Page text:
NEW DELHI – Indian Prime Minister Manmohan Singh warned Pakistan on Thursday against using its soil for “anti-India activity,” following a fresh escalation of tensions between the nuclear-armed neighbors over a deadly attack on Indian soldiers.
“India has always strived for friendship with its neighboring countries,” Singh said during his annual address from the ramparts of the Red Fort in New Delhi marking India’s Independence Day.
“However, for relations with Pakistan to improve, it is essential that they prevent the use of their territory and territory under their control for any anti-India activity,” he emphasized.
Singh’s comments came against the backdrop of the killing of five Indian soldiers in disputed Kashmir last week that New Delhi blames on the Pakistan Army and which has stoked tensions between the two rivals.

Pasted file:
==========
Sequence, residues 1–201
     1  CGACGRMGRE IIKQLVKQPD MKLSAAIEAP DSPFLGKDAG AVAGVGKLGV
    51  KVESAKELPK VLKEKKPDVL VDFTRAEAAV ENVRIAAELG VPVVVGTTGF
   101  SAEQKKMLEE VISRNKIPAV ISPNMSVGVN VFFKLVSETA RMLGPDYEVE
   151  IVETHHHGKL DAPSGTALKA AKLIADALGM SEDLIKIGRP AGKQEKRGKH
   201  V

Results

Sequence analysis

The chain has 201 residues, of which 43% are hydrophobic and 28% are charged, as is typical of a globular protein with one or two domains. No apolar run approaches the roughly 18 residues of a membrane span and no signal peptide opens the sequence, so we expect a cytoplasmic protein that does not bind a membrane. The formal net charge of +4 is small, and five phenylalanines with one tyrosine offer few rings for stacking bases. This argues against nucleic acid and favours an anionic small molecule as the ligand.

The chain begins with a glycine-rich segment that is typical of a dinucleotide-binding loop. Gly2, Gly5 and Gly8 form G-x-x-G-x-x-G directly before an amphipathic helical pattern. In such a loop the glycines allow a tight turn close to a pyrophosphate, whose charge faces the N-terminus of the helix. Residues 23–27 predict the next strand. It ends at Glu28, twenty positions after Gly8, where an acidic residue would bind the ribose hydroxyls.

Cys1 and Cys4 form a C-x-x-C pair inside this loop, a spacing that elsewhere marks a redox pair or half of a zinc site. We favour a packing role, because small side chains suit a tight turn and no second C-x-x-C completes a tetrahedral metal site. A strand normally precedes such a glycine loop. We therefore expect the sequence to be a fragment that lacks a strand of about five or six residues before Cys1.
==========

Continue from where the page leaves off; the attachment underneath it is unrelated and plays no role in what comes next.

The renewed tensions have cast a shadow over hopes of a resumption of stalled bilateral peace talks.
Since the killings, regular skirmishes have been taking place between the armies of the two countries along the heavily militarized Line of Control (LoC) that divides the disputed Kashmir region.
The Independence Day address marks the end of British colonial rule in 1947 and partition of the subcontinent into India and Pakistan, a split that has caused endless tension and triggered three wars — two of them over Kashmir. The Muslim-majority region is divided between the two nations, but both claim it in full.
India passed a resolution in Parliament on Wednesday condemning Pakistan’s “unprovoked attack” on its soldiers in Kashmir last week.
Pakistan has denied involvement of its troops in the ambush, the deadliest such incident involving Indian soldiers along the LoC since the two countries agreed to a cease-fire in 2003.
The resolution followed a similar one passed by Pakistan’s Parliament a day earlier.